You may have heard of the practice of shredding leaves prior to using them as mulch but wondered about the reason behind it. Is it just to make it easier to dispose of the leaves, since, once shredded, the load would be more compact? Or is there some other benefit?
Reason One: More Efficient Disposal
After raking leaves in the fall, you take the additional step of shredding them with a leaf shredder, lawn mower, or another device. Shredding leaves is a good idea regardless of whether your main interest is in disposing of them, producing leaf mulch, or producing compost.
Most people who go through the trouble of shredding leaves do so for the purpose of using them in the landscape, rather than disposing of them. This is smart because leaves are biodegradable and a wonderful source of organic matter with which to enrich your garden beds and/or suppress weeds. Why pay for compost and mulch when you can make your own?
But if you do decide to dispose of the leaves that you rake up in fall, shredding them first means there will be fewer air spaces when you stuff them into the disposal bags. Having fewer air spaces means, in turn, being able to cram more leaves into each bag. The result is that you will use fewer bags.
Reason Two: Superior Mulch, Quicker Compost
The best mulches are porous enough to permit the penetration of air and water to the soil, thus promoting plant health. While not a consideration in the winter for vegetable gardens and annual beds (in case you need to mulch these areas in winter just to prevent erosion), this becomes a factor if the mulch is to be used once spring rolls around again. Thus the reason for shredding leaves for use as mulch: An application of unshredded leaves would mat down, forming an impervious layer that would not "breathe" and that water would run off. This state of affairs would not be good for the plants in the garden beds in question.
If you garden organically, you will probably applaud the fact that leaf mulch will not remain leaf mulch forever. Leaf mulch is just compost waiting to happen. That is right: as the leaf matter decomposes, valuable nutrients will be released into the soil and made available to your plants. While you lose your mulch as a result of this process, you more than make up for the loss by gaining compost. You can hasten this natural process by shredding leaves before applying them as a mulch.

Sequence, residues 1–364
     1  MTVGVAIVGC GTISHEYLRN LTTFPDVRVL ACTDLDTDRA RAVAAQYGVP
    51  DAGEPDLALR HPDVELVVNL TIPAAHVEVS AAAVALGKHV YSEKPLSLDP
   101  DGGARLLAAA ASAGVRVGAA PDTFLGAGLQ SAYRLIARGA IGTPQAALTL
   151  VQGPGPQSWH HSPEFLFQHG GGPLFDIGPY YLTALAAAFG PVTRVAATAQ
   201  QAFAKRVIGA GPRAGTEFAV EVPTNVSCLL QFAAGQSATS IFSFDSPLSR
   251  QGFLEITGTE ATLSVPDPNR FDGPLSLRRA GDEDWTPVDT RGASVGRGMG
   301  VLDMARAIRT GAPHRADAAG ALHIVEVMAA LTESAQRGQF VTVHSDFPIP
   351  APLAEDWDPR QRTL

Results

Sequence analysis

By composting, you help to reduce organic waste in landfills. It also helps lock carbon into the soil, which reduces carbon dioxide in the atmosphere.
What has just been described is compost production that does not involve a structure set aside to house decomposing matter (termed a "compost bin"). That is, you set out primarily to make mulch, but you end up with compost as a bonus. Of course, some gardeners skip the mulch phase altogether and just place the shredded leaves directly into a compost bin, for the purpose of breaking them down into organic matter as quickly as possible. Here, too, shredded leaves work better. The reason? The typical compost pile works best when aerobic organisms are allowed to flourish. As that word implies, it is essential that the pile breathe. Unshredded leaves would mat down and discourage the aerobic organisms you need for efficient decomposition.
Tools of the Trade
Some people use a machine called a "leaf shredder" to do their shredding. Some types vacuum up the leaves, shred them, then gather them into a bag. But this convenience will cost you.
Most wood chippers also shred leaves just fine. The wood chipper is typically more of a heavy-duty device, and you will pay for that extra quality. If you do not need to chip the wood, you generally can get by more inexpensively buying a leaf shredder.
If you do not have a wood chipper or leaf shredder and do not wish to buy either one, just run your lawn mower over your leaves to shred them. Not only is this a cheaper alternative (since you already own the mower), but, if you have a bag on your mower that collects grass clippings, you do not sacrifice any convenience.